Five key leaders in Germany's anti-Islamist group Pegida step down

Thousands have joined Pediga protests across Germany, though many more have held counter-demonstrations.Reuters

Five leaders of Germany's anti-Islamist organisation Pegida have resigned amid increasing criticism about the group's "racist" agenda.

Face of the group Kathrin Oertel had received "massive hostility, threats and career disadvantages" as a result of her involvement, a statement from the group released yesterday said.

"She has sacrificed herself for the cause, but even the strongest of women has to take time out when at night photographers and other strange figures are sneaking around outside her house."

Four other members of the executive board have also resigned. Local reports say this is due to the controversy about founder Lutz Bachmann's racist attitudes.

Bachmann was forced to resign last week after reportedly branding asylum-seekers "animals" and "scumbags" and a photo of him posing as Hitler went viral.

However, German press claims that Bachmann remains influential within Pegida. One of those who quit told Frankfurter Allgemeine Zeitung magazine that the former leader was the true force behind the resignations.

Supporters of Pegida (Patriotic Europeans Against the Islamisation of the West) are calling for Germany to be protected from what they see as the "Islamisation" of the country by Muslim immigrants.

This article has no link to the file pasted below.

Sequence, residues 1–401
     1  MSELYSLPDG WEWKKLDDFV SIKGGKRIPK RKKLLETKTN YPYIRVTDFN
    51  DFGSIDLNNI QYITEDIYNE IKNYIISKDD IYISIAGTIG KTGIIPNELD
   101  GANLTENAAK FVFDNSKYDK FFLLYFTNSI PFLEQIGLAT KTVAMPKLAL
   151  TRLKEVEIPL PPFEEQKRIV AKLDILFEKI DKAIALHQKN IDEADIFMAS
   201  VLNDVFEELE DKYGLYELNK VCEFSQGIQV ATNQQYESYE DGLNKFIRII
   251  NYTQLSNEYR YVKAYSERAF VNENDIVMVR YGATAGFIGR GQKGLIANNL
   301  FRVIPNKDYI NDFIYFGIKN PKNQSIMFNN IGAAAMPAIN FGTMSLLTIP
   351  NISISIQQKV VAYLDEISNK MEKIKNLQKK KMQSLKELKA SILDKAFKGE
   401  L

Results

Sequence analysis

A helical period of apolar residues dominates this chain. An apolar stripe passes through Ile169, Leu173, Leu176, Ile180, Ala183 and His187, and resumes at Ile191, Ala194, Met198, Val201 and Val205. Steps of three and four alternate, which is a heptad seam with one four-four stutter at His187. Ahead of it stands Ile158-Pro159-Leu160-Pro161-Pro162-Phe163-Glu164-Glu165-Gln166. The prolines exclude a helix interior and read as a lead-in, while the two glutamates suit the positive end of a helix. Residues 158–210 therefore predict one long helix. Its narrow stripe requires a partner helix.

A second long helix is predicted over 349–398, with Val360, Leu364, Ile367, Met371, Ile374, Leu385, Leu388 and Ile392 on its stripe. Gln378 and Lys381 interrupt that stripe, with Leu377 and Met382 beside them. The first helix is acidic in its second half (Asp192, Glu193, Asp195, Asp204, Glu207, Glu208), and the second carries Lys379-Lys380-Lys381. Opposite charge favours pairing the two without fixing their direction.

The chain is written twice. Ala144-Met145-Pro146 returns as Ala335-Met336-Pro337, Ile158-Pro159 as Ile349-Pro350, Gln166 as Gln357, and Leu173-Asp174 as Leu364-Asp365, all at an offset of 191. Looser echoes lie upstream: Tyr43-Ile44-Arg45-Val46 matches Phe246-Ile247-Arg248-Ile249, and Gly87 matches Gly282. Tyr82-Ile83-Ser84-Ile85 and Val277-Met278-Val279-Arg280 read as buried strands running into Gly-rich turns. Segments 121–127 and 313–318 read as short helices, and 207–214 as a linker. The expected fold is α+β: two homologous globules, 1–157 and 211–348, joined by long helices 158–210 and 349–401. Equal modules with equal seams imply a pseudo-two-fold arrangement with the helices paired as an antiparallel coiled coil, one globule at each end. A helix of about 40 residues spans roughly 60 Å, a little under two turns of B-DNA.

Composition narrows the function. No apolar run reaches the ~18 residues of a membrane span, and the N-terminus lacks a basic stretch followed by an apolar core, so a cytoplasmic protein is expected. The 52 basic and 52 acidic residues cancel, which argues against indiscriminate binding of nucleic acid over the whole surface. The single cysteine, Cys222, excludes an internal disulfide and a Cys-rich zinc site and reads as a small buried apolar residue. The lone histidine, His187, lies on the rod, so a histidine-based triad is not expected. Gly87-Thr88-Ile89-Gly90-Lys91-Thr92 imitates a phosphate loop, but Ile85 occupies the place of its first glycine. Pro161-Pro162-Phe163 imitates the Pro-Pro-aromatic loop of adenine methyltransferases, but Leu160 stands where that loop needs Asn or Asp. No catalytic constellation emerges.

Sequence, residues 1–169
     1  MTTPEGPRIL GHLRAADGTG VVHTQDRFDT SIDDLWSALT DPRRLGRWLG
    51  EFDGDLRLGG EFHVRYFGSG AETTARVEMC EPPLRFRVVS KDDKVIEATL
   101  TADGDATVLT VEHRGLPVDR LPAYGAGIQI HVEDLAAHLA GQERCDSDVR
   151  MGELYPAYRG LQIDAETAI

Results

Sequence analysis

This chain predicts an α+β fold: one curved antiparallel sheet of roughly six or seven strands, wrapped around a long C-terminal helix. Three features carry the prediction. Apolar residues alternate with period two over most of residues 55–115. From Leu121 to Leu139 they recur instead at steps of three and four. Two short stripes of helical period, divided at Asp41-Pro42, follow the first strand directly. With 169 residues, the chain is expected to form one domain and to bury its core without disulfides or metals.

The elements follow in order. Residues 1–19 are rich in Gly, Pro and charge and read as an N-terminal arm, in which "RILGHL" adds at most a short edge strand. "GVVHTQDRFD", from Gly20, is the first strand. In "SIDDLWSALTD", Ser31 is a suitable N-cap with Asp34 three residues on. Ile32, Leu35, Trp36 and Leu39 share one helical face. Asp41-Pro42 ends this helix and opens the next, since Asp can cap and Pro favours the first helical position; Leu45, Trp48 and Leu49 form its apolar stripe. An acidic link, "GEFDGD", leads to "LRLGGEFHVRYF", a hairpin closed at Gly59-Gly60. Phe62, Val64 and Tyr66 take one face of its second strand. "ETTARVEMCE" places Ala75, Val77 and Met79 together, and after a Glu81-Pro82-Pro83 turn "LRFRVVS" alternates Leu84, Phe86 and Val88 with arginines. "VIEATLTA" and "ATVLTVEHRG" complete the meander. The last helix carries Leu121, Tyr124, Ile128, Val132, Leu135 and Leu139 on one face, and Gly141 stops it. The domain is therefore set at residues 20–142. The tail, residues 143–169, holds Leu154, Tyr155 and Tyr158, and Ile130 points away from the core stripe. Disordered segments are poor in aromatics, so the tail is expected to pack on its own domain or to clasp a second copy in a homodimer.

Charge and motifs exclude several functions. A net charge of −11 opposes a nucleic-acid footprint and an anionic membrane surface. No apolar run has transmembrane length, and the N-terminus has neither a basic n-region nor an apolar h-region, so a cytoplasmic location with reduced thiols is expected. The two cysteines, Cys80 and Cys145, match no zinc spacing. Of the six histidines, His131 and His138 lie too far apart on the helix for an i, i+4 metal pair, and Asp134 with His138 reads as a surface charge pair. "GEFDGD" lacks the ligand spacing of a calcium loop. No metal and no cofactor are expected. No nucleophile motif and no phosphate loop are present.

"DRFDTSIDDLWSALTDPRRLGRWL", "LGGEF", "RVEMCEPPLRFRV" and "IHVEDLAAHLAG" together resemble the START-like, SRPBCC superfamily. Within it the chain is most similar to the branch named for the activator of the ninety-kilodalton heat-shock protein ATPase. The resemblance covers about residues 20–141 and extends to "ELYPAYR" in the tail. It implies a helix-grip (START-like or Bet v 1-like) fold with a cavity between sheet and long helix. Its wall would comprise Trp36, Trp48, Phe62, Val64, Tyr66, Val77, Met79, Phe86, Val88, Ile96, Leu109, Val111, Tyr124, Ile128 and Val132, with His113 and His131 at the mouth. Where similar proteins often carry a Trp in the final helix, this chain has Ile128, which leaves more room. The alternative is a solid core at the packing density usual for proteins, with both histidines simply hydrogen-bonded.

Weekly protests have attracted up to 25,000 people, though counter-demonstrations have garnered even greater support. The movement has been accused of fostering racism and inciting hatred, but it has managed to spread throughout Germany.

German Chancellor Angela Merkel has strongly condemned the group, saying in an address at the start of the year that those who led the rallies "have prejudice, coldness, even hatred in their hearts".

Cologne Cathedral turned out its lights in protest against Pegida's marches earlier this month.

"PEGIDA is made up of an astonishingly broad mix of people, ranging from those in the middle of society to racists and the extreme right-wing," cathedral dean Norbert Feldhoff told Reuters.

"By switching off the floodlighting we want to make those on the march stop and think. It is a challenge: consider who you are marching alongside."

Monday's rally in Dresden has been cancelled, but Pegida has pledged to resume its protests the following week.